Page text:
Inept PCB may destroy PSL brand, fears Sethi

By: Raheel Hanif      Published: 05:21 PM, 18 Feb, 2020
Inept PCB may destroy PSL brand, fears Sethi
Former PCB chairman Najam Sethi during an interview with 24 Digital. photo by Sheraz Ahmed

Former Pakistan Cricket Board Chairman Najam Aziz Sethi has feared that inefficient approach by the PCB may destroy Pakistan Super League's brand value.

Sethi, a renowned journalist, publisher, TV personality, former Marxist, strong administrator, and big cricket buff, was able to deliver the biggest and most exciting product in Pakistan's history, the PSL despite harsh criticism and hurdles.

He not only delivered the PSL brand to Pakistan cricket that has produced several stars for Pakistan cricket and played a key role in bringing international cricket back to the country but also this brand has created waves in the international cricket and has become among top T20 Leagues in the world despite mushroom growth of such leagues.

In Pakistan, the PSL always brought a mood of festivity and excitement despite being staged in the UAE, a feature that is crucially missing since the last edition.

Talking exclusively to the 24 Digital, Sethi agreed that the PSL is now failing to create that kind of hype, enthusiasm, and passion despite being fully staged in the country for the first time that was the distinct feature of this brand during his time.

"We always kept our focus on brand marketing. Alongside this, I always stressed to develop a media strategy as well to create a thrilling environment around the brand. We engaged media fully by giving them access to players and all other PSL related activities; published articles, interviews, and pictures. It indeed cost some money but this spending brings big rewards. You get better advertisement rates and increased revenues from broadcasting rights that make it more profitable."

Sethi said a successful marketing and media strategy not only helped him develop a brand but also equally helped the advertisers and other stakeholders to reap the benefits and this had made the PSL a valuable brand.


However, he lamented that the current PCB and PSL administration has done nothing to add value to the PSL brand and it is stagnating at the same point where he had left it.

"A brand needs continuous revival to stay afresh otherwise people lose interest in it. It is why brand marketing is imperative for keeping a brand afloat and successful."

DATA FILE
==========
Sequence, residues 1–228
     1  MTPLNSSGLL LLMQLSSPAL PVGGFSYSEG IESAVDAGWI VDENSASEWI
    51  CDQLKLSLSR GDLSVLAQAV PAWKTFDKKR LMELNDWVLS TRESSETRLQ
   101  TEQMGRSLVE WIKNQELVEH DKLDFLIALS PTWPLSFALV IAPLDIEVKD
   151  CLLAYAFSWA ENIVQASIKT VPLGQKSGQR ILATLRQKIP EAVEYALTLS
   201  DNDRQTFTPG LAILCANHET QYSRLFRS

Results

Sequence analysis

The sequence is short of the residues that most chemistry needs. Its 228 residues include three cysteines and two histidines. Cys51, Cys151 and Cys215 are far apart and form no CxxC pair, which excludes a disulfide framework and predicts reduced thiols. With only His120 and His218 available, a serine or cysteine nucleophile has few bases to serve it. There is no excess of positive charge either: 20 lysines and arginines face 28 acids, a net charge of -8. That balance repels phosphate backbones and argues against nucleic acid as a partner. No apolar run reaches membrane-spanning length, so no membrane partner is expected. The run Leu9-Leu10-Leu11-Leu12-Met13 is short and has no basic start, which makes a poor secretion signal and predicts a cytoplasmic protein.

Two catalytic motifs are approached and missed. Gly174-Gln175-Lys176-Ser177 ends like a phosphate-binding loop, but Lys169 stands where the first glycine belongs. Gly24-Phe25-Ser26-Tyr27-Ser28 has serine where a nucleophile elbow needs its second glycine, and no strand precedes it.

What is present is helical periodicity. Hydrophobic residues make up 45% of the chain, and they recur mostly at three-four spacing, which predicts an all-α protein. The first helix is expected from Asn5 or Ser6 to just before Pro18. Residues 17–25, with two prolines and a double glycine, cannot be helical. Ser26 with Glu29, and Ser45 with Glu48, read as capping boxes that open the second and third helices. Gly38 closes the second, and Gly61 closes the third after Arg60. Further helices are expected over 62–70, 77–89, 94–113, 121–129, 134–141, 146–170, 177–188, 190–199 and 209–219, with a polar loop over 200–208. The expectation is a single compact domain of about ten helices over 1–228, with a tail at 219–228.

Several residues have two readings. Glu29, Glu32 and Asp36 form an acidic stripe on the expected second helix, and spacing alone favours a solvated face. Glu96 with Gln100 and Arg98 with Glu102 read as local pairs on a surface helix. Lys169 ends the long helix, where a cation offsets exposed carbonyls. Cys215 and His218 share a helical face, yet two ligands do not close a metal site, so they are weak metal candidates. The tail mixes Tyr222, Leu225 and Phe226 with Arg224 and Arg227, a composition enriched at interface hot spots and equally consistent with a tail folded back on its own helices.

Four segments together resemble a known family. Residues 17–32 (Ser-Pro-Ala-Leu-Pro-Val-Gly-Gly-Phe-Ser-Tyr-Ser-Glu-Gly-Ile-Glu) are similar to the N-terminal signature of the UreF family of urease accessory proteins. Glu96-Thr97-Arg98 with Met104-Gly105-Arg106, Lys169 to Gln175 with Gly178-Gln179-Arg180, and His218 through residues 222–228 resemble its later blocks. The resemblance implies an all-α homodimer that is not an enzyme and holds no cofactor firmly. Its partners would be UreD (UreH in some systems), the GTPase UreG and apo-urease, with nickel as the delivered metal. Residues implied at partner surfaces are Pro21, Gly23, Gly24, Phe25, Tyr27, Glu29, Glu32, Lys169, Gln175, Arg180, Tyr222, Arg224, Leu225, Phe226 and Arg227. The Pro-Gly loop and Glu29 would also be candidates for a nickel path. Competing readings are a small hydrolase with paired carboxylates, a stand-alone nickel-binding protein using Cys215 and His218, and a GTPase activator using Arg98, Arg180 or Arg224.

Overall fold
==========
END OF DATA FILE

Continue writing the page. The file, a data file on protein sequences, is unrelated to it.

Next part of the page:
Sethi said a lot of quality international players are coming to Pakistan but still people are in dark about who is coming, who has arrived and who will play for which team. He said the schedules have been finalised long ago but due to lack of publicity, the fans don't know about the itinerary, security measures, and routes to reach the venues.

"We created a lot of hype through giving top class anthems to the PSL as Ali Zafar-sung anthems are still popular among the fans. Even the current administration failed to provide a decent anthem that could enthuse and enthral the masses. The new PSL anthem 'Tayar Hein' is not at par with the standards of the PSL and is another example of how slow and unmotivated the current administration is when it comes to marketing the PSL brand."

Sethi said this lacklustre approach of the PCB would harm the PSL brand and everyone including advertisers and broadcasters would end up bearing the losses and the stadiums would remain empty to further portray a bad image of both the PSL and the Pakistan cricket.

Rationalise security measures

He said it seems the board is banking only on the PSL franchise for the brand advertising but they should understand that the franchise would advertise their own brand only and would promote them only and the PCB needs to market the tournament brand by them.

The month-long PSL this year is being staged at four different venues in four major cities and the presidential level security measures promised by the PCB would certainly hamper the everyday life and economic activities as well.

Sethi suggested that now the security situation has much improved and there are minimum terror threats out there to counter with so the security measures should be rationalised to create minimum disturbances to the common people life.

"You are holding a month-long tournament and if you took the same security measures as we had to take on day one, the masses would be irked and the whole project would backfire. The novelty of the PSL would be faded and people would lose interest in the league and that would be a great blow to the brand value. Much has been changed since we first staged the PSL final in Lahore, and the PCB and the security agencies must revisit the security blueprint and traffic should be closed only for half an hour before and